Watching Cajamarca from Loreto

While barricades in Cajamarca were mostly torn down by Saturday, and the majority of protesters have gone home to rest, opposition to the $4.8 billion Conga gold mine project remains fierce.

The conflict continues to be the main stage on which Peruvians watch a national drama unfold, showing whether their new government will side with big business or protect local people’s rights and the environment from extractive industries there and in other regions of Peru, including the Amazon.

They say it’s the biggest test yet for President Ollanta Humala. It’s also a proving ground for the people of Peru.

The sudden stand down in the Andes this weekend came as national government officials called for talks with local officials after days of escalating clashes between protesters and police. The company agreed to temporarily halt work. Protest leaders are barred from the dialogue.

Among other complaints, opponents say the massive Conga project would damage the natural water system, destroying a string of alpine lakes that form the headwaters of rivers and streams and that replenish the natural aquifers relied on by locals.

“Water is life!” Cajamarca protesters have shouted. “We defend life!”

The company, U.S.-based Newmont Mining, says it plans to replace the lakes with man-made reservoirs. The plans don’t put monetary or any other value on the natural work or service being provided by nature and about to be destroyed or reversed. The government of Peru went along with the company’s plan, at least until the people took to the streets.

For their part, President Humala and other top officials have said the enormous tax and fee revenues from the project would help pay for “social inclusion” projects and poverty reduction programs throughout Peru.

So far, Humala has backed Newmont. But his position has been rejected by the very people about to loose their water, land and lakes.

“He campaigned as a leftist, so poor people voted for him,” said Alberto Pizango, Peru’s top indigenous leader and president of AIDESEP – the Interethnic Association for the Development of the Peruvian Forest. “Now he’s revealing himself to be a derechista” — a right-winger, Pizango said in a recent interview with Alianza Arkana.

As we watch the events unfold in Cajamarca from afar in the Amazon, we see a broken or corrupt system for approving development projects in Peru, one in which environmental impacts are readily rationalized in the name of profits and local people, especially poor people and indigenous communities,  are not allowed a voice.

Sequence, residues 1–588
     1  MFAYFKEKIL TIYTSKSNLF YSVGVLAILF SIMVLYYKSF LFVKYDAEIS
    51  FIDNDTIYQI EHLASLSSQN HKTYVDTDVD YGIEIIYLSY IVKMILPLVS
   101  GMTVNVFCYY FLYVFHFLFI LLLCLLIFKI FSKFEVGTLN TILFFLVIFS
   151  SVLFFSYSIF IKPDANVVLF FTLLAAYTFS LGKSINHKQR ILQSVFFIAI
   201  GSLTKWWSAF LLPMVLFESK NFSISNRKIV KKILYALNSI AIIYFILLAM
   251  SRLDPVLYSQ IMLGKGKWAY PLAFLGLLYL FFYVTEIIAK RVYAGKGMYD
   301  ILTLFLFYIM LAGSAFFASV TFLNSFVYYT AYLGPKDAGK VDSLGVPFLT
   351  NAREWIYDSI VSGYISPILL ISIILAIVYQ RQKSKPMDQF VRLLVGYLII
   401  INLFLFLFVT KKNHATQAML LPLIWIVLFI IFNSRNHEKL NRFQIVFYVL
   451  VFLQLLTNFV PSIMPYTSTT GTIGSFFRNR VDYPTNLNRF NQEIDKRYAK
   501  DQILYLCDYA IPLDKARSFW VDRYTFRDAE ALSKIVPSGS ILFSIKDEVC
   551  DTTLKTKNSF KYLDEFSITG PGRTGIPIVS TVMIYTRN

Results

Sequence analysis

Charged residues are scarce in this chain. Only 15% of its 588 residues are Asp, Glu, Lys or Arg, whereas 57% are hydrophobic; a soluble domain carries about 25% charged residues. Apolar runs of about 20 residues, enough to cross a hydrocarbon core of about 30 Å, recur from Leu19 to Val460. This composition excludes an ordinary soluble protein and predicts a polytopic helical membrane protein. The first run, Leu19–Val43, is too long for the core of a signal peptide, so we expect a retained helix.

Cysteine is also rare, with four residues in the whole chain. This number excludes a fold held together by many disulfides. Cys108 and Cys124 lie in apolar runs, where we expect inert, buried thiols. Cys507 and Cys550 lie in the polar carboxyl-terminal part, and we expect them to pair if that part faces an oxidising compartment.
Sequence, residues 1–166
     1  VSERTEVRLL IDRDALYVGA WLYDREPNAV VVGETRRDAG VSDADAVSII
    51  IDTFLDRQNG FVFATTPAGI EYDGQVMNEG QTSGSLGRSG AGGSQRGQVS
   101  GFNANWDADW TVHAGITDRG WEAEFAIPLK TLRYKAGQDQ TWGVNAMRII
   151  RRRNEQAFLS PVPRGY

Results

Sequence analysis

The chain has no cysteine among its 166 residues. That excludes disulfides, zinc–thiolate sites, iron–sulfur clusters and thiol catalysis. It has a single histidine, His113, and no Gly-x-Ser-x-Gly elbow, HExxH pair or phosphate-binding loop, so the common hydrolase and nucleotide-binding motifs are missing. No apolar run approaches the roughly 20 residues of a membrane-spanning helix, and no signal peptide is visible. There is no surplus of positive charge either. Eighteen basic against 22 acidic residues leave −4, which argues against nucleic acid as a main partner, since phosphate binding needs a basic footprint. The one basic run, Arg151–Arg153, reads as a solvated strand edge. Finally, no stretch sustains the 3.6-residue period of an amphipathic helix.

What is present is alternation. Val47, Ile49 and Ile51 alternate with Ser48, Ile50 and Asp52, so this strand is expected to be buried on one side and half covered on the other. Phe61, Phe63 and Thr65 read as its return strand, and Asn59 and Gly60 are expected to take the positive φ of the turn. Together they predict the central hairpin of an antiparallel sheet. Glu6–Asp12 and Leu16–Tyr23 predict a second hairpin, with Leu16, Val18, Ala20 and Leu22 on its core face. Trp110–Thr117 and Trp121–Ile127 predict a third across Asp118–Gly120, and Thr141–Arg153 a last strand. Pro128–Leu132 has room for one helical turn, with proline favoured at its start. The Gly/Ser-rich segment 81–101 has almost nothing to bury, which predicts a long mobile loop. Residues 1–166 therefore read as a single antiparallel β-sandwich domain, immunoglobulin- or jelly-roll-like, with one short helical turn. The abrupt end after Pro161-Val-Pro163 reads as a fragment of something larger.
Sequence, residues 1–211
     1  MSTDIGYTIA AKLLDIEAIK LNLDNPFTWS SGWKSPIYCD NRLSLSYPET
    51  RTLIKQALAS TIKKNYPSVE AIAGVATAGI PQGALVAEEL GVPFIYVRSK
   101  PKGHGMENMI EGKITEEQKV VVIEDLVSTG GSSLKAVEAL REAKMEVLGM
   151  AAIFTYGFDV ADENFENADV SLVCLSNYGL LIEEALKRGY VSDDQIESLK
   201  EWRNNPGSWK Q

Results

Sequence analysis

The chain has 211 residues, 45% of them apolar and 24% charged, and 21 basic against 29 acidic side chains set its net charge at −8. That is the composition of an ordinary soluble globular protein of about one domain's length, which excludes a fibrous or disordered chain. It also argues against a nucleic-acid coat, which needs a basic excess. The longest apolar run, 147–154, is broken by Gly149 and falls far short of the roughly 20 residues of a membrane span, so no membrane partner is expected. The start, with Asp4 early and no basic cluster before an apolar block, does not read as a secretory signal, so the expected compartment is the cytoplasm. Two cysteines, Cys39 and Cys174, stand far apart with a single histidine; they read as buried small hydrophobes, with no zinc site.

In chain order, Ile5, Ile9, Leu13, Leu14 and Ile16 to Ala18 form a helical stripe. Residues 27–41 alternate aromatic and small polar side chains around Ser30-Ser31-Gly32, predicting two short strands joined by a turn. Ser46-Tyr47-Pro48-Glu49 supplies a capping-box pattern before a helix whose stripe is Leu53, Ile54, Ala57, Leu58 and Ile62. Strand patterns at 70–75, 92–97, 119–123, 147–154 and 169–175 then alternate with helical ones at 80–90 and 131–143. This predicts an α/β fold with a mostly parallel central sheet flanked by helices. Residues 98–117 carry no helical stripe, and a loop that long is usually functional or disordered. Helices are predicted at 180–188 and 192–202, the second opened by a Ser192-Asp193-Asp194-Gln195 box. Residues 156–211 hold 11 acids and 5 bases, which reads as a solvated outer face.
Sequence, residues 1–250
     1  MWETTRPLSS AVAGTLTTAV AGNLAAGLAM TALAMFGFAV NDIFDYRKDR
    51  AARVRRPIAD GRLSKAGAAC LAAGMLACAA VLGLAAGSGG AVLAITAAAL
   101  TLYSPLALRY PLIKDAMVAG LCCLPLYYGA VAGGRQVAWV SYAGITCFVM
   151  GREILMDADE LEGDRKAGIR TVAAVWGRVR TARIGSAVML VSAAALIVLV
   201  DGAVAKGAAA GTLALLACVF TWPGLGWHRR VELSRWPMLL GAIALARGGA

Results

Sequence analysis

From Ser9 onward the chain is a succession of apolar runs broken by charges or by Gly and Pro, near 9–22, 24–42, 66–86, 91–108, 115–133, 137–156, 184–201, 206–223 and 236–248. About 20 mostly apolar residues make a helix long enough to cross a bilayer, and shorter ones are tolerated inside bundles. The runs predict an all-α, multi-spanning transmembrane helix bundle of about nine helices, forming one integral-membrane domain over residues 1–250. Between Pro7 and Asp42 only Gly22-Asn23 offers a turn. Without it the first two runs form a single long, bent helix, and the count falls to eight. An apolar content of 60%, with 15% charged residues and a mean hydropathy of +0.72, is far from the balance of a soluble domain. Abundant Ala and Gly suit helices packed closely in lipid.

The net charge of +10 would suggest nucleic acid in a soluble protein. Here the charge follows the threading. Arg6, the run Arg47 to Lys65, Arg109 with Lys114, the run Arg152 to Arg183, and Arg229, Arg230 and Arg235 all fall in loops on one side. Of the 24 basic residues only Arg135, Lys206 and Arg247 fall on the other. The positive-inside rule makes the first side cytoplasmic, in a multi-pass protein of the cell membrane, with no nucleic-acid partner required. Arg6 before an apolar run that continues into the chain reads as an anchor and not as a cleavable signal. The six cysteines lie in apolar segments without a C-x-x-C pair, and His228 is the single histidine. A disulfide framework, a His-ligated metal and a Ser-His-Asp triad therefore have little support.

If this is what the development process looks like under a so-called socially minded administration, one can easily see the impunity with which companies have operated and continue to operate under the contracts made and enforced in the industry-friendly governments that came before.

For the region of the northern Peruvian Amazon, that chronic lack of accountability results in frequent spills of crude oil and draining of toxic production waters, often in indigenous communities, as companies are allowed to use decrepit and substandard infrastructure and techniques to save cash and maximize their take.

Frequent violators include Argentinean giant Pluspetrol, which operates throughout the Corrientes, Pastaza and Maranon. Others, who’ve purchased exploration or drilling rights under the see-nothing, do-nothing rules, include U.S.-based Conoco Phillips, and Canadians Petrolifera and Talisman Energy. Conoco is being sued by communities of the indigenous Achuar, who last week also told Talisman to cease-and-desist its exploratory wells, according to our friends at Amazon Watch.

“Water is life. We defend life!” people shouted through the streets of Iquitos, in Loreto, in a recent march that brought together leaders from a half-dozen indigenous groups taking a stand against the oil industry in their territories.

Those leaders watched closely as events in Cajamarca escalated, asking themselves and each other how lessons there could apply to conflicts in their territories or in the 270-some other social conflicts that the official human rights ministry says are active in Peru – at least half of those over natural resources.

As well as listening closely to official words and deeds, they also watch closely to see how the police, the army and the official spin machine are mobilized there as they formulate their own defensive strategies at home.

“A window for protest (in the Amazon) may be closing,” said indigenous rights attorney Jorge Tacuri of PDDI, the Program for the Defense of Indigenous Rights, the legal partners of Alianza Arkana.

“At the same time,” Tacuri said, “what we are witnessing in Peru is an awakening of people across the country who are demanding a model of development different from the current model of destruction.”

“This is a very important moment in Peru,” he said.

Deborah Rivett, Monday, 05 December 2011

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